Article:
Little to say for myself

Thursday, September 04, 2003


Does anyone remember that series on the Beeb many years ago, fronted by smarmy erstwhile Tomorrow's World presenter James Burke, where he explained the mechanism for technological progress in terms of a contrived series of links between contemporaneous but completely independent discoveries? You don't? Well, whatever - I've just made one of those connections myself.

Consecutive items on Today this morning got me thinking (yes, I know I said I'd stop listening, but I haven't yet). The first item was their usual fractal analysis of the Hutton inquiry - no surprises there. But it was followed by a piece which plumbed new depths in terms of vital current affairs coverage, investigating the lack of Government funding for research into complementary medicine. They broadcast a piece from some new-age trade fair in Warwick dedicated to such medical wonders as Tibetan Bell-ringing ([paraphrasing] "there - did you notice that the second ring sounded louder and clearer than the first? It sounded like some form of resonance. That's because the first one cleared the space in the room...."), and our old friend Homeopathy. A homeopathic practitioner said that, when considering how homeopathic medicines work, it was wrong to think of the extreme dilutions in terms of chemical engineering - it was more to do with physics. I'm glad they cleared that one up for me.

Aaanyway, at lunchtime today I made a connection between the two. I realised that Tony Blair, in his constant attempts to woo the populace, is striving to combine his pledge of Honesty and Openness in Government with trendy, new-age homeopathic principles. He's taken the truth, and by a process of diluting and diluting and diluting it, flooding it with inert data from all the different arms of the secret services, the MoD, and the communications directorate re-shuffle, he's hoping that we'll really begin to feel the truth working through our entire beings, suffusing us with a sense of wonder and spiritual health and convincing us that we are all of one energy, one light.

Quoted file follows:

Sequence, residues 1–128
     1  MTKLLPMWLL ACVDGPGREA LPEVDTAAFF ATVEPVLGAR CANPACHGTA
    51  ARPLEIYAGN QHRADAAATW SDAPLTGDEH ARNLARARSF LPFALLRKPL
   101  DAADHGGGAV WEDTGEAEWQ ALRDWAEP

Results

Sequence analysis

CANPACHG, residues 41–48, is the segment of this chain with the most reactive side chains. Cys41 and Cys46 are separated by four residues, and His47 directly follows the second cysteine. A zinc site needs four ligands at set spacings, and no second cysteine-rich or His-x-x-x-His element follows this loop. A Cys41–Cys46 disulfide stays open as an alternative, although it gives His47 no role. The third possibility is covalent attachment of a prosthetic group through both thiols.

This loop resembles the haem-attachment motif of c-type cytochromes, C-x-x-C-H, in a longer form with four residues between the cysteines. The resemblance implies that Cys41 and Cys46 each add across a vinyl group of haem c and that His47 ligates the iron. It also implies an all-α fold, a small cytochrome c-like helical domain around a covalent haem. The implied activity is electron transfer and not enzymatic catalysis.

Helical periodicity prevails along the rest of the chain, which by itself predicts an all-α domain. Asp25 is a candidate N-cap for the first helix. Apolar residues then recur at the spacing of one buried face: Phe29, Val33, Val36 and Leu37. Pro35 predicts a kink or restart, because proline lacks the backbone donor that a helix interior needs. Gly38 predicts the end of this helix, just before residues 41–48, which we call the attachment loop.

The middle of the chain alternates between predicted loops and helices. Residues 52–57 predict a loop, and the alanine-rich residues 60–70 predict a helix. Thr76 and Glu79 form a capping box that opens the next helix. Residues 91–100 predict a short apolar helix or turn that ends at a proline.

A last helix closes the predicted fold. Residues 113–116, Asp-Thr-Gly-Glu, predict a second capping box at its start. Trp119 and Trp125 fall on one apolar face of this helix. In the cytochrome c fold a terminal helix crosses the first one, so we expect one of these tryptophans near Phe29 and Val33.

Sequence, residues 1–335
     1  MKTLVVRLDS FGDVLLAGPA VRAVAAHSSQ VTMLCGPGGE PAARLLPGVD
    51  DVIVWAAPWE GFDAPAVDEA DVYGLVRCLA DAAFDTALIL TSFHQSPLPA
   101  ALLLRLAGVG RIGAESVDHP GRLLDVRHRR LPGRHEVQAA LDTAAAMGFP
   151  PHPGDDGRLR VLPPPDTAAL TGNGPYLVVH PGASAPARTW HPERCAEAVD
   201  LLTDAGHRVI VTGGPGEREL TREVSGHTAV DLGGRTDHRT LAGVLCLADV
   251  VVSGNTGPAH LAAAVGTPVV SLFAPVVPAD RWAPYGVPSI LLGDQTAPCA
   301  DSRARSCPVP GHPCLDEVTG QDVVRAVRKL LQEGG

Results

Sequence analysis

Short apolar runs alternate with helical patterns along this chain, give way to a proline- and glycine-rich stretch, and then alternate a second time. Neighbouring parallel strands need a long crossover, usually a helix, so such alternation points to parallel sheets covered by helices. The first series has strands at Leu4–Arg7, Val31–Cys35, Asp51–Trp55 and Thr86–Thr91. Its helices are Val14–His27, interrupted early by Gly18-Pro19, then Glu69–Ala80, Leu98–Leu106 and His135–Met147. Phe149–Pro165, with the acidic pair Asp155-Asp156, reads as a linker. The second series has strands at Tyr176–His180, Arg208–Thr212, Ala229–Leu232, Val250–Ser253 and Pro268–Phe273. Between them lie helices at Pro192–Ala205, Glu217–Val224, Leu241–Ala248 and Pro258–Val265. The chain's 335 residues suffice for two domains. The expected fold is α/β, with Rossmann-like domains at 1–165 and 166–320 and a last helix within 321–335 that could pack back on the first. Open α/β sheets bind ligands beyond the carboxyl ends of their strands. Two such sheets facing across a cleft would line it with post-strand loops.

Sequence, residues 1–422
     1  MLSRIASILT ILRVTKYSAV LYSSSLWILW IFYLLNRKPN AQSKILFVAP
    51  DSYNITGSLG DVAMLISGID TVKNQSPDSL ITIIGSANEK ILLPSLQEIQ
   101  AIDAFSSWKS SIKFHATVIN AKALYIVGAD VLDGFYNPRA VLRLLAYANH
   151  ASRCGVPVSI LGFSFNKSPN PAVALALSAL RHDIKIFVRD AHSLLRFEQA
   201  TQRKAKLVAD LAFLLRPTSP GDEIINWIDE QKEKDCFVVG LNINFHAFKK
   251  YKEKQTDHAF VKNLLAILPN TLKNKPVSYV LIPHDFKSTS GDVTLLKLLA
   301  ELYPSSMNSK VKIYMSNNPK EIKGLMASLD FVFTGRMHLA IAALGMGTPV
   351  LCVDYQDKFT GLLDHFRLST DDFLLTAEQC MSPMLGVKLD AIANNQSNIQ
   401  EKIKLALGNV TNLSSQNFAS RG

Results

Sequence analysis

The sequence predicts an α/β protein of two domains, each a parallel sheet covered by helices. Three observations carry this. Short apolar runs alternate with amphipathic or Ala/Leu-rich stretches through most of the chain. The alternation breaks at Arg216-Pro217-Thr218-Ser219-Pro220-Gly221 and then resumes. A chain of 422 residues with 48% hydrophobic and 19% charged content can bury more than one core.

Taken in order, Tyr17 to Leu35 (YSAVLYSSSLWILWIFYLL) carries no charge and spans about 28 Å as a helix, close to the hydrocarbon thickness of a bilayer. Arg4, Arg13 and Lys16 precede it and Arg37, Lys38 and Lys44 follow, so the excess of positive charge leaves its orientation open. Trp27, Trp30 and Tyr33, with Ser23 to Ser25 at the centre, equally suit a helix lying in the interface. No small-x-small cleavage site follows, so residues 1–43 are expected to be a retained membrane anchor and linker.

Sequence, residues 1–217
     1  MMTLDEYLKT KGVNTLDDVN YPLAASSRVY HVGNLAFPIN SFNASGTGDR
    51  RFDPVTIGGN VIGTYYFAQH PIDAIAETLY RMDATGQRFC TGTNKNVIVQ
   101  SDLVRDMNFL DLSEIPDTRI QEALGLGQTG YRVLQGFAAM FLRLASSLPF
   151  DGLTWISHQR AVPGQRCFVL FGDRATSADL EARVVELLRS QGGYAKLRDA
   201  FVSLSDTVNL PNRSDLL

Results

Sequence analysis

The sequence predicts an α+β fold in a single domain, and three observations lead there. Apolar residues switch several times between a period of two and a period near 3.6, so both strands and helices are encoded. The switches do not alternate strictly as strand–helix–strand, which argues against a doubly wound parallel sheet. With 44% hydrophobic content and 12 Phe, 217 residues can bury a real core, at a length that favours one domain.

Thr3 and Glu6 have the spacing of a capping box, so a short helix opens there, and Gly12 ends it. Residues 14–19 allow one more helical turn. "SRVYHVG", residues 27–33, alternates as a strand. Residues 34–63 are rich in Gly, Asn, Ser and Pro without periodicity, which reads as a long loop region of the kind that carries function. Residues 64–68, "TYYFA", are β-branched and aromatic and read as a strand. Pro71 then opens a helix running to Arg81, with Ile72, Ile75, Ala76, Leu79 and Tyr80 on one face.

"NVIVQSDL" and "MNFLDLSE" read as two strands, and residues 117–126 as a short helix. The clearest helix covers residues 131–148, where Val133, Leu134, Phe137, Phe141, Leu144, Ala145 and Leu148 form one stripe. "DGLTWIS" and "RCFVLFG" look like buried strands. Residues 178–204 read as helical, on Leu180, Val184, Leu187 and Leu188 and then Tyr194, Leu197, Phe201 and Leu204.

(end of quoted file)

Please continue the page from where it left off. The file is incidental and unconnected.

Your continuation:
Or something like that.

posted by Plig | 14:25 |

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Forget the sentimental notion that foreign policy is a struggle between virtue and vice, with virtue bound to win.
Forget the utopian notion that a brave new world without power politics will follow the unconditional surrender of wicked nations.
Forget the crusading notion that any nation, however virtuous and powerful, can have the mission to make the world in its own image.
Remember that diplomacy without power is feeble, and power without diplomacy is destructive and blind.
Remember that no nation's power is without limits, and hence that its policies must respect the power and interests of others.
Hans Morgenthau

The whole problem with the world is that fools and fanatics are always so certain of themselves, but wiser people so full of doubts
Bertrand Russell

The release of atomic energy has not created a new problem. It has merely made more urgent the necessity of solving an existing one
Albert Einstein

When you are right you cannot be too radical; when you are wrong, you cannot be too conservative
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Our great democracies still tend to think that a stupid man is more likely to be honest than a clever man
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